Tesco urgently recalls its £2.50 ‘finest’ hand-made Italian taleggio cheese over fears it’s contaminated with deadly listeria
- Chain said some 200g £2.50 packs of the soft cheese could be contaminated
- Although much less common than salmonella or E. coli, listeria is the most lethal
- Six NHS patients died in 2019 after eating listeria-contaminated sandwiches
- People over 65 and those with weakened immune systems are more vulnerable
Tesco issued an urgent safety warning today about its own-brand ‘Finest’ taleggio cheese.
The supermarket chain said some 200g packs of the soft, creamy cheese, which is ‘hand made in Italy using a traditional recipe’ could be contaminated with listeria.
The Government’s Food Standards Agency said Tesco is recalling the suspect cheese from sale in its stores across Britain.
Tesco issued an urgent safety warning today about its own-brand ‘Finest’ taleggio cheese
A 200g pack normally sells for around £2.50.
Although much less common than salmonella or E. coli, listeria is the most lethal.
Most healthy immune systems can keep an infection at bay, but if the bug makes it into the bloodstream, it causes listeriosis and kills one in five victims worldwide.
Details of the Tesco ‘Finest’ cheese being recalled
Product name: Tesco Finest Taleggio
Pack Size: 200g
Batch Code: All
Use by date: January 25, 2021
In 2019, six patients at NHS hospitals died after eating sandwiches contaminated with listeria.
Staffordshire-based firm Good Food Chain collapsed following the scandal.
In 2017 there were 33 deaths linked to listeriosis in England and Wales.
A US Center for Disease Control and Prevention estimate said listeria is the third leading cause of death from foodborne illness, or food poisoning, in the United States.
The report said in the US, an estimated 1,600 people get sick from listeria each year, and about 260 die.
The FSA said ‘Tesco is recalling Tesco Finest Taleggio 200g because it contains Listeria monocytogenes.
‘Symptoms caused by this organism can be similar to flu and include high temperature, muscle ache or pain, chills, feeling or being sick and diarrhoea.
‘Some people are more vulnerable to listeria infections, including those over 65 years of age, pregnant women and their unborn babies, babies less than one month old and people with weakened immune systems.’
‘Tesco is recalling the product. Product recall notices will be issued to explain to customers why the product is being recalled and tell them what to do if they have bought the product.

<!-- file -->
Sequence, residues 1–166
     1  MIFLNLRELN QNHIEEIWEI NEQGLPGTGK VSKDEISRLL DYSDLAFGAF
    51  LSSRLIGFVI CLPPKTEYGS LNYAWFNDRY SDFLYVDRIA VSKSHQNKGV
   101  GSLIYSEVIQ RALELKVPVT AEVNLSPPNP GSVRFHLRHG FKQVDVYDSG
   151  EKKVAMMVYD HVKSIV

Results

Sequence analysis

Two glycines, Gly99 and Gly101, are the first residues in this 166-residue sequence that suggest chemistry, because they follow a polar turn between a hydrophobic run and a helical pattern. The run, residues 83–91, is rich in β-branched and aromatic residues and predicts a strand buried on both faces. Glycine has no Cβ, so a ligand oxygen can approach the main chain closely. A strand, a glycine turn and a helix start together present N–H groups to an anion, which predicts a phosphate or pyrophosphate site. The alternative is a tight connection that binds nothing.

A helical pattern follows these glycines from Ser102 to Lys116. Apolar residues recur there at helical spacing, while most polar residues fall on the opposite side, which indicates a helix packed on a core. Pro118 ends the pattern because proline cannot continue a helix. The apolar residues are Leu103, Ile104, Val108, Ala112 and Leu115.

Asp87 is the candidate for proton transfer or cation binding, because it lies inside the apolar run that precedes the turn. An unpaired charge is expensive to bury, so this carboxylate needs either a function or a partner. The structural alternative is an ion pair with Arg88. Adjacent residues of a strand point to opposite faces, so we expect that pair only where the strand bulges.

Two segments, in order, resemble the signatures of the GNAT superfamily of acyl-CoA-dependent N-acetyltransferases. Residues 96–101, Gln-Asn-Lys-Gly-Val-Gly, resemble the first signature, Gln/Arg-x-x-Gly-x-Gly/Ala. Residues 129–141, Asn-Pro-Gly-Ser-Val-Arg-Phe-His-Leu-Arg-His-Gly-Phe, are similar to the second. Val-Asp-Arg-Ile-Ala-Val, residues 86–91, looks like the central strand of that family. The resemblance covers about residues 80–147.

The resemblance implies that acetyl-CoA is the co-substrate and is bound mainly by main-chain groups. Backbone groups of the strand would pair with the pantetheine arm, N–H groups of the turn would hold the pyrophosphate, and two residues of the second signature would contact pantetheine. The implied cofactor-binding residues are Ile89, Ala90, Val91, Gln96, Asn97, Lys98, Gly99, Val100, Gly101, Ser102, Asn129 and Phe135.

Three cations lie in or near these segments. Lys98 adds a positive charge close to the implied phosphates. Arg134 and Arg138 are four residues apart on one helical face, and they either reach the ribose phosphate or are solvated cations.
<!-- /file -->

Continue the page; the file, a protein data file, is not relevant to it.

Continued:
‘Our advice to consumers – if you have bought the product do not eat it.
‘Instead, return it to the store from where it was bought for a full refund.’
Tesco said ‘We apologise to our customers for any inconvenience caused.’
The supermarket chain said some 200g packs of the soft, creamy cheese, which is ‘hand made in Italy using a traditional recipe’ could be contaminated with listeria
What is listeriosis and how does it spread?
What is listeriosis?
Listeriosis is a rare but deadly infection caused by eating food contaminated with a bacteria called listeria monocytogenes. There are about 170 cases of listeriosis in the UK every year, and it kills about one in four of those affected. Most people who eat food contaminated with listeria develop mild flu-like symptoms that pass within a few days. But in high-risk individuals, the listeria can spread around the body, leading to life-threatening complications including sepsis.
How does it spread?
Listeria is most commonly spread in pre-packaged sandwiches and ready meals, as was the case in this outbreak. It can flourish with or without oxygen and, unlike many other bacteria, thrives and reproduces at temperatures as low as 0°C. This enables it to survive in the fridge and pass through food-processing equipment and the food chain. Historically, the bug has been associated with soft ripened cheese, such as camembert or brie, as well as pate, sliced meats, salad leaves and raw unpasteurised milk. You can also catch listeria from someone – for example, if you eat food they have handled when they have not washed their hands.
How can it kill you?
The listeria bacteria enters the intestinal system in contaminated food, before colonising the liver where it multiplies. If the body is unable to fight off the infection, it can lead to sepsis or meningitis, which can kill within hours. Listeria bacteria have the ability to hijack immune cells and live within human cells, making it very difficult to treat. It is diagnosed with a blood test and treated with antibiotics.
Who is at risk?
Listeria frequently proves deadly for those with weak immune systems – with pregnant women and newborn babies most at risk. Pregnant women are advised to avoid all soft cheeses because even if a listeria infection causes only a mild illness in the mother, it can spread to their unborn baby with devastating consequences. NHS England said more than a quarter of pregnant mothers with listeriosis lost their babies. People aged over 60 years are also deemed to be at high risk of developing listeriosis, as are those who having chemotherapy, which suppresses their immune system.
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